- flour used to make breads, tortillas, pie crusts, biscuits, rolls, and pasta.
- berries and bananas – used as stand-alones, in smoothies and green drinks, mixed with cereals, in muffins, and in homemade ice creams.
- nuts (pecans, peanuts, cashews, walnuts) – used as stand-alones, in salads, some used in muffins or brownies or ice creams, some used in side dishes such as sweet potato casserole, and in homemade trail mixes for an “in-between meals” snack.
- diced/chopped veggies such as green/yellow/red bell peppers, white/yellow/red/green onions, carrots, tomatoes, jalapenos, and olives – used in soups/stews/chilis, in salads, in Mexican dishes, in sandwiches/paninis/soft tortillas, and over nachos.
- beans such as pinto, black, navy, red kidney – used as stand-alones, in soups/stews/chilis, in Mexican dishes such as enchiladas/tacos/nachos/burritos/soft tortillas, and in bean burgers (vegetarian-style).
- cheese – used in everything — need I say more? (Ha-Ha)
- starchy fillers such as red/yellow potatoes, sweet potatoes, and brown and white rice – used in everything from stand-alone sides (like fries, potato salads, roasted and fried options), in soups/stews/chilis, and in casseroles and one-dish skillet meals such as chicken and rice and Shepherd’s Pie).
- seasonings continuously on hand – used in so many things and they are as follows: pink Himalayan salt, pepper, white pepper, garlic powder, onion powder, oregano, basil, chili powder, paprika, cayenne pepper, yellow mustard, Italian seasoning, cumin, cinnamon, all spice, ginger. (However, if I could only choose my top three that can basically do justice to most food items, I’d have to go with a salt, pepper, and garlic powder combo.)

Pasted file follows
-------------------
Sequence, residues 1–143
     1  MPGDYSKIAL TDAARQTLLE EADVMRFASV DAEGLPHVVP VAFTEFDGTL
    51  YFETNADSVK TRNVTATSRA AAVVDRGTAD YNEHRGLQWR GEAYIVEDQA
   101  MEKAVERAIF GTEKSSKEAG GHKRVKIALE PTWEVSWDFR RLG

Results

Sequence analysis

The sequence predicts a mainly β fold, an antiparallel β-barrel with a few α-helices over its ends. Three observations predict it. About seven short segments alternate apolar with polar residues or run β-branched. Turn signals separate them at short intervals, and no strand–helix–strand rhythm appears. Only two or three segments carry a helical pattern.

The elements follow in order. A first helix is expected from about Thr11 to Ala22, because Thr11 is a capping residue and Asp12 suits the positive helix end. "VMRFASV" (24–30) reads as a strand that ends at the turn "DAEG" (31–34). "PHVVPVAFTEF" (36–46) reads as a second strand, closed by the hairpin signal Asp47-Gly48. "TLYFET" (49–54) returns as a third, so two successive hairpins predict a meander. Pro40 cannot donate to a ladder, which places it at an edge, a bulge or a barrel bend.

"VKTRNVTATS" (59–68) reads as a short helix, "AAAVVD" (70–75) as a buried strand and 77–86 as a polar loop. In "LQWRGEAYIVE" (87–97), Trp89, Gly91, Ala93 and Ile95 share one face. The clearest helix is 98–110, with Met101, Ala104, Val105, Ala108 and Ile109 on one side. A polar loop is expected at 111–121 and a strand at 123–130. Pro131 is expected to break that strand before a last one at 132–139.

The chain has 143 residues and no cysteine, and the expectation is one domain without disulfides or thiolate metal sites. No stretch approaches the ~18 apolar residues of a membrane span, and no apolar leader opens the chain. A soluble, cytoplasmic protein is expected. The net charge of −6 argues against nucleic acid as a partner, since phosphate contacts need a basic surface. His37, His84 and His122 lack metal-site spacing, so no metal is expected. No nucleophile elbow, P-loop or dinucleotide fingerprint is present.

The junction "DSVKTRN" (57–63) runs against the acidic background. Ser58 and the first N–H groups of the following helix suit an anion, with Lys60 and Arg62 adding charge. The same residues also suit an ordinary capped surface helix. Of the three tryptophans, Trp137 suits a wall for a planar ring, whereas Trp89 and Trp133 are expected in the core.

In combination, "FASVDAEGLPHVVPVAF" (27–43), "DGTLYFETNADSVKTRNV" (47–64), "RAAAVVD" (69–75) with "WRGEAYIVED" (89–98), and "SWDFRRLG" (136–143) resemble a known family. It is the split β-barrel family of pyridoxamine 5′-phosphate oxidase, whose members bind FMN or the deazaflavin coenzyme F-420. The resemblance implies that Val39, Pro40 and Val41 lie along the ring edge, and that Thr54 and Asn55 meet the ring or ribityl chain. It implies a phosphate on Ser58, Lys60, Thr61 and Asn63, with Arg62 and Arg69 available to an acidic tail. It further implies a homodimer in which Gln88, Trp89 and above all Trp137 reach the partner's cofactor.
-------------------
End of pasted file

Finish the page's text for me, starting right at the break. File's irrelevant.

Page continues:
Keep in mind that the above is not an exhaustive list. If I thought about it some more, I’m sure I could extend the offerings quite a bit, but I just wanted to throw a few things at you to get the creative cooking juices flowing and then let you take it from here. But hey, I do have a few more tips for meal-planning time-saving that I included in the following blog post, entitled Buffet-Style Meal Planning for the Big Get-Together. So, you might check it out as well.
I tell you what. This productivity tip will save you a lot of wear and tear. And, it may be a hack you develop over time as you take note of what food items you and your family consume on a regular basis. Once you’ve determined the frequent flyers that consistently make their way into your refrigerator, freezers, cupboards and pantries, then you can identify some multiple mainstay meals that are sure to please, unlikely to get old to your family members, and easy to place on the table week after week. Bank on these food items to make up your no-brainer grocery list and interchangeable meals that will create a go-to menu for you and your family for the long-term.
Now, when it comes to efficiency in the kitchen, I’m all for it. So, hit me up with your multi meal plan ideas (as I’m always looking for new things to try out on my family). Here’s to less fuss, mess, and stress in the kitchen and at meal-time.